LAWRENCE — In the wake of the 2008 financial crisis and subsequent call for Wall Street reform, Congress enacted the Dodd-Frank Act, which created a new federal agency, the Consumer Financial Protection Bureau. Among the CFPB’s charges is to consider new rules on the often-controversial business practice of arbitration clauses in consumer contracts. While such consumer arbitration agreements divide judges, legislators and interest groups along predictable political lines (progressive vs. conservative), a University of Kansas law professor argues in a new article that a centrist approach makes more sense.
The article, forthcoming in the Harvard Journal on Legislation, is titled “The Politics of Arbitration Law and Centrist Proposals for Reform.” Its author, Professor Stephen Ware, has also been invited by the CFPB to participate in its field hearing Wednesday, Oct. 7, in Denver.
Ware’s forthcoming article proposes centrist reforms for law regarding “adhesion contracts,” the agreements that businesses present as “take it or leave it” to consumers.
“Although some contracts are the result of negotiated drafting by two parties represented by lawyers, most contracts that individuals have are adhesion contracts, drafted by businesses, and the individual simply decides whether or not to consent,” Ware said.
Many of these consumer adhesion contracts now have clauses providing that disputes will be resolved in arbitration rather than litigation.
These “adhesive arbitration clauses” in consumer contracts are at the center of a variety of hotly contested legal issues that are much more controversial than the issues raised by arbitration agreements between businesses.
The conservative approach is to stay with the status quo established by the 1925 Federal Arbitration Act and broad interpretations of that act by the Supreme Court. Some of these broad interpretations were made by the Supreme Court’s five justices appointed by Republican presidents over dissenting votes from the court’s four justices appointed by Democratic presidents. A particularly key 5-4 decision interpreted the Federal Arbitration Act to pre-empt states’ efforts to preserve consumer class actions from adhesive arbitration clauses prohibiting such lawsuits.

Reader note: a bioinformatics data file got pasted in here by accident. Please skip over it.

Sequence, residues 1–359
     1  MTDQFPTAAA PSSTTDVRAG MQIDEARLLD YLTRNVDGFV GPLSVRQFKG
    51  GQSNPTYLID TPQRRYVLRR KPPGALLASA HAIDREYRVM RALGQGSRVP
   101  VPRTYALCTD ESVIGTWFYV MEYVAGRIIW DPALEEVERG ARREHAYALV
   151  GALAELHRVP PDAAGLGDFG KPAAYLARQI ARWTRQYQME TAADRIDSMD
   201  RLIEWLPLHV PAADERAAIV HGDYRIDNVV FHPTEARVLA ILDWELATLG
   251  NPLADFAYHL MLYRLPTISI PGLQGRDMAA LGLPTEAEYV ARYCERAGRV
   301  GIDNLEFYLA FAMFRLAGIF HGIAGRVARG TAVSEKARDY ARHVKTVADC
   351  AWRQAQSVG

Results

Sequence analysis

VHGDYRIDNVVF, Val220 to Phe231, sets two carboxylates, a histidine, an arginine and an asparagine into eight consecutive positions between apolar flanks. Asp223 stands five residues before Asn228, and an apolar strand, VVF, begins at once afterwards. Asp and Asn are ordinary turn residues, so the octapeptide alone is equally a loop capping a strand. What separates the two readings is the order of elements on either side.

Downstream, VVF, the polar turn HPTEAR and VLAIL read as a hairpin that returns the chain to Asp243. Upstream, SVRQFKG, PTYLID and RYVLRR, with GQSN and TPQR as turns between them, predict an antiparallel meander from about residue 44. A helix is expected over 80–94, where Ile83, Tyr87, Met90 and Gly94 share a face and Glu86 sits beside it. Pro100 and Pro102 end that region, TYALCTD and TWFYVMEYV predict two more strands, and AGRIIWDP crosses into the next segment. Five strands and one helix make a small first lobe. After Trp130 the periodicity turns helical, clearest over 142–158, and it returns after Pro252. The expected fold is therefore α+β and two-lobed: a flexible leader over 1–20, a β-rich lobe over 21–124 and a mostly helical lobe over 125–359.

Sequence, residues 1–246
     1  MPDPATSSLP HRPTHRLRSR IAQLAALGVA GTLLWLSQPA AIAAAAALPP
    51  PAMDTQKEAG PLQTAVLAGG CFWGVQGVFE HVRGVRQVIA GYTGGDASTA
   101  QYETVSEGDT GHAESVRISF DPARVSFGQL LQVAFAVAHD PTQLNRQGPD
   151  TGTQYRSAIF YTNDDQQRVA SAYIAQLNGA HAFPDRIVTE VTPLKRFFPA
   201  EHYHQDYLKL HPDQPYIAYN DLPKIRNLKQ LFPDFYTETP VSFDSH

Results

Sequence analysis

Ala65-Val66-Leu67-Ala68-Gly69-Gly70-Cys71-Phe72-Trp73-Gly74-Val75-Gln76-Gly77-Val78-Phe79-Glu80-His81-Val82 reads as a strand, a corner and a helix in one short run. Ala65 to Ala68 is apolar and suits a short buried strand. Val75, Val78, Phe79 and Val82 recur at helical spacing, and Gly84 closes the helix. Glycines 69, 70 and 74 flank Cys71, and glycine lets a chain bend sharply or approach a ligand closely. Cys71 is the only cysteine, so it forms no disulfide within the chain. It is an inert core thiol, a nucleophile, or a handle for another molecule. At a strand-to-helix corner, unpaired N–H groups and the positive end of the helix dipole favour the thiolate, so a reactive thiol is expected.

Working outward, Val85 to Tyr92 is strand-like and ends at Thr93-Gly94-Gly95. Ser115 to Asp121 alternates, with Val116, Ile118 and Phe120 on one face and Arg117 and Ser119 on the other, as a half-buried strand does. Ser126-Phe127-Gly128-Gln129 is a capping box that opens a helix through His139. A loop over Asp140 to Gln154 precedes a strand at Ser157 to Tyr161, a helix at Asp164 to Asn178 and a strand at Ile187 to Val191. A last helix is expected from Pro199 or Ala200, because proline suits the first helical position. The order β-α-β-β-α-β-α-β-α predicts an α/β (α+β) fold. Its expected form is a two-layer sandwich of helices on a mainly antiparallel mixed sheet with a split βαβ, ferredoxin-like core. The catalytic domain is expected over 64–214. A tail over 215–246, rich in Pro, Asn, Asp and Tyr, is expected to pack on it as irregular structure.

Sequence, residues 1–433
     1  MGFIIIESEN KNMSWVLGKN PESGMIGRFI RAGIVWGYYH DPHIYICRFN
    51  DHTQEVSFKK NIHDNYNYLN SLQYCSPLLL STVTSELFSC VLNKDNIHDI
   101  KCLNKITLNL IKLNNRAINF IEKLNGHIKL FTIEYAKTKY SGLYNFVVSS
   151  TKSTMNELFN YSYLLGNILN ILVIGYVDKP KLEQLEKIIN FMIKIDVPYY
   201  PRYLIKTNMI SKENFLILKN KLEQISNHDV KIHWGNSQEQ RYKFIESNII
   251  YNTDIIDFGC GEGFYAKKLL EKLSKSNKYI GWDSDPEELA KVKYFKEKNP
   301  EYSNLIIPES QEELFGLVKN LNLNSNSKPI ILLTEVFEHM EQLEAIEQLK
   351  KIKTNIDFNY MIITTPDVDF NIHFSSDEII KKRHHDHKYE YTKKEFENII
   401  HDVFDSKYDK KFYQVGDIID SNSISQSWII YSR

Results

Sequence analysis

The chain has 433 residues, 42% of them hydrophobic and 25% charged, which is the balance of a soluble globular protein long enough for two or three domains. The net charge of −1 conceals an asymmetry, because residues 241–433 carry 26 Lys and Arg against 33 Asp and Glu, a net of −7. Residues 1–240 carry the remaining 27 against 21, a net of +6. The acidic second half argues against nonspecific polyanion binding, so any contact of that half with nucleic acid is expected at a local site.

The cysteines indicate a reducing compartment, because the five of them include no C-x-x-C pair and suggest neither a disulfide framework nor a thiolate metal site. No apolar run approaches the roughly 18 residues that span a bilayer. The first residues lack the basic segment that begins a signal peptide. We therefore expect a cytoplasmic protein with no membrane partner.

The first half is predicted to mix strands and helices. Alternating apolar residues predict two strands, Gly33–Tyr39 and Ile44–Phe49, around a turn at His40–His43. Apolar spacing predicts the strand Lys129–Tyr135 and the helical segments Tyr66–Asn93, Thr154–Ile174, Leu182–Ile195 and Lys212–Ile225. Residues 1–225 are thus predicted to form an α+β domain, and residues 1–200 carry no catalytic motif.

At the other end of the political spectrum are those who would simply ban all arbitration clauses in consumer contracts. This approach, advocated by many progressives, is contained in a bill supported by most congressional Democrats. While enactment of that bill is unlikely while Republicans control Congress, the CFPB already has the power to ban all arbitration clauses in an important category of consumer contracts — financial services, such as credit cards, checking accounts and payday loans. So, Ware says, “the action has shifted now from Congress to the CFPB.”
Ware’s article goes beyond proposing reforms to offer the CFPB drafting specifics — the language of a rule — with which the CFPB could enact into law the reforms he proposes.
In between the conservative status quo of broadly enforcing consumer arbitration clauses and the progressive approach of banning them entirely, Ware advocates an intermediate position. It rests on the principle that “adhesive arbitration agreements should be treated like other adhesion contracts,” Ware said. “This approach, which I’ve been developing incrementally in a series of articles for over 20 years, is for courts to enforce consumer arbitration clauses unless one of three exceptions applies.”
Exceptions Ware calls for:
- When a party to the contract argues the contract containing the arbitration clause was induced by fraud, duress or other misconduct;
- When the arbitration clause prohibits class actions under circumstances in which a contract lacking an arbitration clause but otherwise prohibiting class actions would be unenforceable;
- When arbitration has already occurred and a party argues that the arbitrator made an error of law, the court should review the arbitrator’s ruling closely before enforcing it.
Ware’s arguments are timely as the CFPB has completed its study of consumer arbitration and is expected to issue new rules soon. Ware said he is glad the CFPB is interested enough in his views to invite him to participate in Wednesday’s field hearing. He hopes the current political climate is one in which the CFPB will be attracted to his centrist approach.
“The basic principle behind these positions — behind the centrist position — is that, with few and relatively uncontroversial exceptions, adhesive arbitration agreements should be as enforceable as other adhesion contracts, but not more so,” Ware wrote. “In other words, this article rejects conservative-supported anomalies that enforce adhesive arbitration agreements more broadly than other adhesion contracts, and proposes — contrary to progressives — that once these anomalies are fixed, adhesive arbitration agreements should be as generally enforceable as other adhesion contracts.”
Ware is an expert on arbitration law who has authored two books and dozens of journal articles on the topic. His scholarship has been cited by the Supreme Court and in at least 28 other federal and state cases. Ware has testified on arbitration before both houses of Congress and in court as an expert witness.